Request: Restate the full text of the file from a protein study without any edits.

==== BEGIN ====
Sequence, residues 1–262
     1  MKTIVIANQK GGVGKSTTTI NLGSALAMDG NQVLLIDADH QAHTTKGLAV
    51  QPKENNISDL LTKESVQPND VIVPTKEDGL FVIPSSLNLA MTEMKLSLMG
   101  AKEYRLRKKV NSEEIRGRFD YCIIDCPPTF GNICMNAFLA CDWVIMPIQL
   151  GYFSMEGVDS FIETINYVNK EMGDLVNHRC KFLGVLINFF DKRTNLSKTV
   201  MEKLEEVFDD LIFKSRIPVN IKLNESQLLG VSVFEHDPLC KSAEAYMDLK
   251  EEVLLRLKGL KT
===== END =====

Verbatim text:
Sequence, residues 1–262
     1  MKTIVIANQK GGVGKSTTTI NLGSALAMDG NQVLLIDADH QAHTTKGLAV
    51  QPKENNISDL LTKESVQPND VIVPTKEDGL FVIPSSLNLA MTEMKLSLMG
   101  AKEYRLRKKV NSEEIRGRFD YCIIDCPPTF GNICMNAFLA CDWVIMPIQL
   151  GYFSMEGVDS FIETINYVNK EMGDLVNHRC KFLGVLINFF DKRTNLSKTV
   201  MEKLEEVFDD LIFKSRIPVN IKLNESQLLG VSVFEHDPLC KSAEAYMDLK
   251  EEVLLRLKGL KT